Phenotypic plasticity and mechano-transduction in the teleost skeleton

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The proper formation, growth and maintenance of many bones depends on the mechanical loads generated by gravity and muscles. Mechanical loading by muscle forces does not only affect bone growth and maintenance in adult and juvenile vertebrates, but also affects larval and embryonic bone development. We have reviewed the current understanding of mechanotransduction in birds and mammals and compared it to teleosts. The major mechanosensing cells in the adult mammalian and avian skeleton are osteocytes. They are interconnected via cell processes and are contained within a canalicular network. Basal teleosts have osteocytes but their connectivity is questionable and the presence of a functional canalicular network is unlikely. Advanced teleosts have acellular bone and therefore lack osteocytes. Yet the skeleton of teleosts does show adaptive responses to changes in mechanical load. In these animals it is likely that osteoblasts, bone surface cells and chondrocytes act as mechanosensors. The factors expressed by osteocytes upon mechanical stimulation have been extensively investigated in vitro and in vivo in adult mammals and birds. Less is, however, known about the mechanotransduction pathway during embryonic bone development. The zebrafish presents new opportunities to analyze the mechanotransduction pathway during early (larval) bone formation due to the ex utero development and genetic analyses.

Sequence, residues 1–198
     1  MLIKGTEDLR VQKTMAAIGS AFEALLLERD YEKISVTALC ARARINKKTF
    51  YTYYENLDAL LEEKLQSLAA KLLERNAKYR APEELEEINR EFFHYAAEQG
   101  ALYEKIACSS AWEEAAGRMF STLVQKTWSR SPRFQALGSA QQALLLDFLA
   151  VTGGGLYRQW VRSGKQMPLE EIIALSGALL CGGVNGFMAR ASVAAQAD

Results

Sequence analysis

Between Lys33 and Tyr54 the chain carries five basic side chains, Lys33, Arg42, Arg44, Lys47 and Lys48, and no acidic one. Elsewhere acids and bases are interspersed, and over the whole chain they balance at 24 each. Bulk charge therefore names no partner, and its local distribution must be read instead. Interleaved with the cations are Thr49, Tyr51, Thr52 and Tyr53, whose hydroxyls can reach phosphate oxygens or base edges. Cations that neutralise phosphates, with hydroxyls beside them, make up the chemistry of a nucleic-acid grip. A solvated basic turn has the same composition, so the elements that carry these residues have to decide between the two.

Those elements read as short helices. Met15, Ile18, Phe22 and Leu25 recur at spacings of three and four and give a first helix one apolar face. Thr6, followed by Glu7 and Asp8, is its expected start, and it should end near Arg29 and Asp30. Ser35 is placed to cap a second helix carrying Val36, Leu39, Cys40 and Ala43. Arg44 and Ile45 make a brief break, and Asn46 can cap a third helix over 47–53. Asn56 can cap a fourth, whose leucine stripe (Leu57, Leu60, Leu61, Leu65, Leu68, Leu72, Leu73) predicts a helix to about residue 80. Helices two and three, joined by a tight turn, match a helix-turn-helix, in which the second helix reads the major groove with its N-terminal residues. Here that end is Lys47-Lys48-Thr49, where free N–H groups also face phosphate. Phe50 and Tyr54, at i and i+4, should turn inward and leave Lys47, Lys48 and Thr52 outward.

Original languageEnglish
Pages (from-to)289-293
JournalJournal of Applied Ichthyology
Issue number2
Publication statusPublished - 2010


  • dicentrarchus-labrax l.
  • zebrafish danio-rerio
  • bone-formation
  • osteogenic stimulus
  • gene-expression
  • chondrocyte proliferation
  • mechanical stimulation
  • atlantic salmon
  • axial skeleton
  • retinoic acid


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